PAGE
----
A Naked Heart

old

I had seen the old lady before, getting on at 79th riding up to Clark division.

She sat in the same place each day, rain or shine, while I went further up the rail, to my job near Argyle. While the Chicago commuter car rocked back and forth, and we all read our papers or phones, it was her eyes that seared and scared me a little each time I looked at her.

Those eyes looked past us living things, back into time itself.

She usually dressed in some bluish or pink dress, ages old, worn in many places. Given the cold of winter, an old snow parka, drab and gray, was added to her smallish self.

But in those eyes, written by the battles she had fought and lost, showed the deepest of pain.

One day in April, I ran late for my connection, shoved the closing door and plopped down into the first empty seat, with a heavy sigh of thankfulness.

There she was beside me.

I squirmed a little knowing she was there, but there were no more seats in the car.

15 minutes, half a dozen stops later, and she started talking.  My ears were shocked by her voice.

I had never seen or heard her talk.

“I still have a heart, you know? Though it was bruised when I was a child, later when I was older, finally as a wife and mother, I still have a heart. It still feels and wants another, nearby. I remember how it swelled when I thought someone loved me. Sometimes feeling like it would burst, take over my thoughts and make me sweat. But, later, after it got bruised and all so many times, if it started to feel that way I’d stop it. I would think about all the times I got hurt, make the swelling go away.  I would not let my heart get bruised again!”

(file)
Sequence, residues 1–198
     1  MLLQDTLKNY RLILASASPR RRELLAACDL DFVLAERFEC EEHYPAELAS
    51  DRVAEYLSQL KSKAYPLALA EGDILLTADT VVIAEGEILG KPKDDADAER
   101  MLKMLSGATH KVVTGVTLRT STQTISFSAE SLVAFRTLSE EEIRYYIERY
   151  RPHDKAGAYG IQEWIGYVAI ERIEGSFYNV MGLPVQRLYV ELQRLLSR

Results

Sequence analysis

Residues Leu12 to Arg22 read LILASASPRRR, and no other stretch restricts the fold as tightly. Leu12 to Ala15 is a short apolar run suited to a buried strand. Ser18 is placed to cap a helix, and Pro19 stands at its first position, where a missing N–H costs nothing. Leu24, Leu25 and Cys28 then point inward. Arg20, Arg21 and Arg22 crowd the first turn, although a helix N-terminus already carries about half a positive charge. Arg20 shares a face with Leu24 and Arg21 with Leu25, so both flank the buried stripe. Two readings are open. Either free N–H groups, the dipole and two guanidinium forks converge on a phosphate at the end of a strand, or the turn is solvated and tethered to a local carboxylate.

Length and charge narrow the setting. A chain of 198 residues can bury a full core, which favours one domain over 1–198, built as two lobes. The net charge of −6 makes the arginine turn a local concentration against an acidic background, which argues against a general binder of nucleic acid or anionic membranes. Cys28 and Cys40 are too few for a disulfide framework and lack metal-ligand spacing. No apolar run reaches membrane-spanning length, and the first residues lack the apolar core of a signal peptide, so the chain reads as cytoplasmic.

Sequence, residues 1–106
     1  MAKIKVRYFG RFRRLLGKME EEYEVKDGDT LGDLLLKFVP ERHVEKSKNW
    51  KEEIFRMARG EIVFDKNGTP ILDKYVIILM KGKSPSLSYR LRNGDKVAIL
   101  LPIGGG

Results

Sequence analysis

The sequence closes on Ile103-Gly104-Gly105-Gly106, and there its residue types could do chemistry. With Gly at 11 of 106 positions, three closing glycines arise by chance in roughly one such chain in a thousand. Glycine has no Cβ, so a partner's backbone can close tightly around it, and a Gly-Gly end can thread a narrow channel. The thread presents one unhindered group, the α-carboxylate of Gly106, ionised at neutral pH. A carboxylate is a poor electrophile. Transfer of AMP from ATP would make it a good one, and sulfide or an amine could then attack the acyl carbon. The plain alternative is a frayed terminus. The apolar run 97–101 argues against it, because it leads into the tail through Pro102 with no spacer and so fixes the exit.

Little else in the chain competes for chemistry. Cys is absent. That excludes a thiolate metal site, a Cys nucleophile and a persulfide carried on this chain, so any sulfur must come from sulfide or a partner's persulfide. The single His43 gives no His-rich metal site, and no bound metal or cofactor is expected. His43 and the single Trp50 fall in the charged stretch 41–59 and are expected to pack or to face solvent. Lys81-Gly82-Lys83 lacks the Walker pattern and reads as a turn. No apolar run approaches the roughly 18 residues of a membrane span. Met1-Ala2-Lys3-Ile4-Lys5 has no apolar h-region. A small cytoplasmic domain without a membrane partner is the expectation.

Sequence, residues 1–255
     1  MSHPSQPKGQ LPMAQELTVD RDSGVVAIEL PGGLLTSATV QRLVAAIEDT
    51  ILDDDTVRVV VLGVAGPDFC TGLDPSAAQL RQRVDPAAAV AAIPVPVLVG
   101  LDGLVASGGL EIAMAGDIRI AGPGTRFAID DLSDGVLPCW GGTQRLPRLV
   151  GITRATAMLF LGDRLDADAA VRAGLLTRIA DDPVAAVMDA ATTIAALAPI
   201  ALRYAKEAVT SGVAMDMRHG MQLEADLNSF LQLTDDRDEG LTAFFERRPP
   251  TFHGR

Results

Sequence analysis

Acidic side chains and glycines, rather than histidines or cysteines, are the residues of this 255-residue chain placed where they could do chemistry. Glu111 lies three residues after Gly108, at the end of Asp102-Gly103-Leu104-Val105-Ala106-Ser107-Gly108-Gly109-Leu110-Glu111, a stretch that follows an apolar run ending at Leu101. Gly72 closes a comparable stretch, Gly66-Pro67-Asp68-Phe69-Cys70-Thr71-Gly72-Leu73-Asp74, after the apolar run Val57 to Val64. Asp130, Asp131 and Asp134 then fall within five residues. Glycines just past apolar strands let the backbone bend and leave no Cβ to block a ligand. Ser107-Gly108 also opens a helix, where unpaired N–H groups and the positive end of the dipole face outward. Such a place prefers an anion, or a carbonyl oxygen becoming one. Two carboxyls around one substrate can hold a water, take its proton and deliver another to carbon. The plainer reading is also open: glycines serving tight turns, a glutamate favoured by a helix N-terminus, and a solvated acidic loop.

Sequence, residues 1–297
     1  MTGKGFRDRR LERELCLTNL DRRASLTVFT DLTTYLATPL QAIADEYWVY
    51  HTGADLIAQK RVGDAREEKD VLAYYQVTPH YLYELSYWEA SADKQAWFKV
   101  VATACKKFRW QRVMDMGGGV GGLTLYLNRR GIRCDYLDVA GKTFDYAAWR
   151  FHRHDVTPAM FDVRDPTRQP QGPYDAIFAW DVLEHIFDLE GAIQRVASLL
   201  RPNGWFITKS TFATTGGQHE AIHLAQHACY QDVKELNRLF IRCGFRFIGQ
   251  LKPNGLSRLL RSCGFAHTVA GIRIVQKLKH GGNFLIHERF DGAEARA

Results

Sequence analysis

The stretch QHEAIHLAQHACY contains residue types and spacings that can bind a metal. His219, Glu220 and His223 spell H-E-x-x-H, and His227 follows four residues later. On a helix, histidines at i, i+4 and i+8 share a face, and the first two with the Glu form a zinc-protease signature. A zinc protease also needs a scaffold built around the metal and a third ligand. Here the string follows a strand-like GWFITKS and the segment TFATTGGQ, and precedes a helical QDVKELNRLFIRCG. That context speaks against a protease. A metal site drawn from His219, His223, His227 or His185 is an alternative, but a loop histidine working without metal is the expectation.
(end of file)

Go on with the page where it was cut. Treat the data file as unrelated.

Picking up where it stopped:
I could not move and absolutely did not know what to say.

“I might not wake tomorrow or the next day, or the day after, but I want to say this out loud for life and love.”

Now, I had turned looking at her, plunging deep into those drowning eyes.

“I still have a heart and wish I had one more love.”

I got off my stop that day without saying a word to her.

All day at work, I wished I had said this, that, or the other.
I could not come up with one decent thing to say.

When I got home, I started writing all kinds of things down to say to her tomorrow.

“How are you? What a lovely dress! I see you here all the time on this train!”

Next day, I made sure I was at my stop early.
I was determined to sit with her and say something nice.

I got on as soon as the doors swished open, but she wasn’t there.
Nor the next day, nor the next.
I felt so bad.

I hope I never leave a naked heart alone again.

 

 

 

 

 

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